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Cavity #1 (review)

Writer / Artist: Justin Randall

Gestalt Comics, 2023

There must be a word to describe the genre of horror science fiction which involves the sort of dead, remote Australia most people are only familiar with from the Mad Max movies. “Outback dystopia”, perhaps, which sounds much better than “Road Warrior Australian”. This title, Cavity, is not quite science fiction as it has elements which are more akin to the fantasy worlds of Seven to Eternity and East of West, those manic false futures which skim steampunk and are imbued with fantasy elements. Cavity however is decidedly Outback Dystopian: it tells us on the first page that it is set in the Outback; it features remote communities of sugar farmers as we see in vast plains of Queensland; and drops into a monologue the Australiana of nanna naps.

Here is the promotional copy:

Luna is a pest control agent. She works for big city, killing monsters in the outback so the sugar farms can deliver an uninterrupted supply.
But the isolation and heatwaves in sector R-6 have awoken a monster of a very different kind…

The title is written and illustrated by Jason Randall. We are across Mr Randall’s work from his wonderful science fiction / horror title Changing Ways, also published by Perth-based imprint Gestalt. Cavity is much more whimsical, but still features Mr Randall’s trademark gore and creepiness.

No one can flaw Mr Randall’s art, which is very reminiscent of the work of Frazer Irving. It has Mr Irving’s sense of smooth unearthliness, especially in the characters’ faces. No one is classically comic book pretty. Instead, the sugar farmers all look decidedly elfish with elongated noses and sickly pale skin, the combination of oddness and remoteness suggesting inbreeding. Luna, who flies the desert drifter balloon called Brenda, has a regular nose but pasty skin, and yellow eyes much more akin to urine than gold. Luna travels the Outback killing foul creatures called seeker worms, which look like giant lamprey fish. She’s a sympathetic person, sparing a desperately impoverished farm her regular fee. Her visit to a far-flung farm in sector R-6 is a reluctant three-day flight. Mr Randall reminds us perhaps of the distress signal in the motion picture Alien, which lures unwitting rescuers into the clutches of an egg-laying monster.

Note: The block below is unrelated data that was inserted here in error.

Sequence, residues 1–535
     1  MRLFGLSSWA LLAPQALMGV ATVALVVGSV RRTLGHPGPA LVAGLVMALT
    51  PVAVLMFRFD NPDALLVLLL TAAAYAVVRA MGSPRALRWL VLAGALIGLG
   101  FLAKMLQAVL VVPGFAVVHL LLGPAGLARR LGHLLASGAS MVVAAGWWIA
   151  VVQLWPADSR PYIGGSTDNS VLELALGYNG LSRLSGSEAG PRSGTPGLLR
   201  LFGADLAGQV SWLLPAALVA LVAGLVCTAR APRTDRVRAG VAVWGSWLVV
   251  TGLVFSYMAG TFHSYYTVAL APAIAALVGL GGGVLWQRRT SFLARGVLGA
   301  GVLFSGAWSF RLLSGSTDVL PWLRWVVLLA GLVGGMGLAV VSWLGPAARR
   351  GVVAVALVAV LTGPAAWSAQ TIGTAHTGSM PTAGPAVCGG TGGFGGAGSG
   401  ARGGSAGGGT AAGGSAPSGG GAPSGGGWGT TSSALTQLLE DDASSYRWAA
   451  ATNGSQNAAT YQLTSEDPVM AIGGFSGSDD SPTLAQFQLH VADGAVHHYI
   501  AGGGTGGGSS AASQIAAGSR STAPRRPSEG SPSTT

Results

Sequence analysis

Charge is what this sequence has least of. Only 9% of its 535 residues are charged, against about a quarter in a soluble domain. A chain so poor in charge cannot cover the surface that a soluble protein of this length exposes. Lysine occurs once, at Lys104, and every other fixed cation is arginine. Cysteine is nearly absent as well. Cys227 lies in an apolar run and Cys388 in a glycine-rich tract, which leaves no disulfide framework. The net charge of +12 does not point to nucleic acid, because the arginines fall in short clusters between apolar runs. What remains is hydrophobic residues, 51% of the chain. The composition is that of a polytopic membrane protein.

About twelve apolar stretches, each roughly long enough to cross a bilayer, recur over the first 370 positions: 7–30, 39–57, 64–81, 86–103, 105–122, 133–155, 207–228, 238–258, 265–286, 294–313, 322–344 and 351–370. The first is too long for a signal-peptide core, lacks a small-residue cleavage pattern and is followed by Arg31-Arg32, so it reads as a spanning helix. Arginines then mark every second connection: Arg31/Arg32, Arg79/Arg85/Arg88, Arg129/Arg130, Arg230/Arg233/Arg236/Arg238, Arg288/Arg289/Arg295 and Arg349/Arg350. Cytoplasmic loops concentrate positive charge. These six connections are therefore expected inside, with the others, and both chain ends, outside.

Mr Randall’s deft touches of world-building are quirky and intriguing. People greet each other by unique flute song, and as Luna notes to herself, “Its.. rude to ignore a flute.” There is etiquette even in the sugar cane backwaters. People live on services tokens rather than money, which reminds us of 17th century trade tokens used by Londoners and beyond in an age where small change was too big for commoners. And Luna works for Big City Home Services, which has a 1950s corporate logo and gives out matchbooks.

It is a wonderful beginning, meat hooks, isolation, and empty beer cans, all oozing slow menace.

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